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Ross JD, Kelly JF, Bridge ES, Engel MH, Reinking DL, Boyle WA.2014. Fault bars and stable isotope signatures reveal effects of severe weather stressors on fledgling sparrows. PeerJ PrePrints2:e581v1https://doi.org/10.7287/peerj.preprints.581v1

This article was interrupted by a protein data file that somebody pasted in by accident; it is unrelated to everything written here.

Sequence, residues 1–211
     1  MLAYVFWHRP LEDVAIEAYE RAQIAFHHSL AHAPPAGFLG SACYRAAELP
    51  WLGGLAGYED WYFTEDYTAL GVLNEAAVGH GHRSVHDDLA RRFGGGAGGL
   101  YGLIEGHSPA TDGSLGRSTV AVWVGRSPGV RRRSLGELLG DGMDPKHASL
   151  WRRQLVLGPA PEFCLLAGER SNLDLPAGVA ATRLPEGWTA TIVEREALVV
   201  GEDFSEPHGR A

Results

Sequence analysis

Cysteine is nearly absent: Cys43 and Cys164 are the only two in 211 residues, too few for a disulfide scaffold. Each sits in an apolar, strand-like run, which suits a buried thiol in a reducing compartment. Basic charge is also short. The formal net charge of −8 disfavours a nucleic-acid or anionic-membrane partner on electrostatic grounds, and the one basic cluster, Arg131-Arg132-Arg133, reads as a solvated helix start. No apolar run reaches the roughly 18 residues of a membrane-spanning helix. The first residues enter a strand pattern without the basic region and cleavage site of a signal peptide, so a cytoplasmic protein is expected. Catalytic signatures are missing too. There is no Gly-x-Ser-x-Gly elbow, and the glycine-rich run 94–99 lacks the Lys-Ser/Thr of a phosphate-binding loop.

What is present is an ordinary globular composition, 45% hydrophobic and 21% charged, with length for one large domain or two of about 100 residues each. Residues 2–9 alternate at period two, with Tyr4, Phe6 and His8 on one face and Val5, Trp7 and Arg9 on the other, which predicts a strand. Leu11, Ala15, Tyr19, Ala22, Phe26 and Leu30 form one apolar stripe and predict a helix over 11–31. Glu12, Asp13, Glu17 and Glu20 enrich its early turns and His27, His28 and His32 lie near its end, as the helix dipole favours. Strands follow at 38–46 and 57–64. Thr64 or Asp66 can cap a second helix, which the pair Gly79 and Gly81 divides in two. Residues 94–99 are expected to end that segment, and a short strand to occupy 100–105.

In August 2013, we observed a high incidence (44%) of synchronous fault bars across the rectrices of juvenile Grasshopper Sparrows (Ammodrammus savannarum) captured near El Reno, Oklahoma. Earlier that year, on May 31, the site was struck by a severe storm which rained hailstones exceeding 5.5 cm diameter and spawned an historic 4.2 km-wide tornado <8 km to the south of the site. An assessment of Grasshopper Sparrow nesting phenology indicated that a large number of nestlings were likely growing tail feathers when the storm hit. To assess the nature of the fault bars, we measured δ15N and δ13C stable isotope ratios within four 0.25-0.40 mg feather sections taken from the distal end of a tail feather from 18 juveniles captured at the site in August. The fault bar, if present, was contained within only one section. Fault bars were located at various positions on the distal half of feathers, and fault bar width significantly increased as a function of distance from the tip (i.e., age at formation). After correcting for consistent, natural δ15N variation across sections, we found that feather sections containing or located immediately proximal to fault bars showed significantly higher δ15N than sections from the same feathers located distal to or further from the fault bar region. We also observed significantly higher δ13Cbut lower δ15N in the feathers of juveniles with fault bars compared to normal appearing juveniles. Our findings support the hypothesis that an abrupt environmental stressor affected Grasshopper Sparrow chicks of various ages, and caused short term catabolism of muscle tissue that resulted in a spike in δ15N deposited into growing feathers. Furthermore, higher δ15N and lower δ13C among juveniles lacking fault bars suggested a seasonal change in diet consistent with these individuals hatching after the May 31 storm. Severe weather events may represent major stressors to ground-nesting birds, and we recommend exploiting opportunities to study the effects of severe weather as part of ongoing research efforts.
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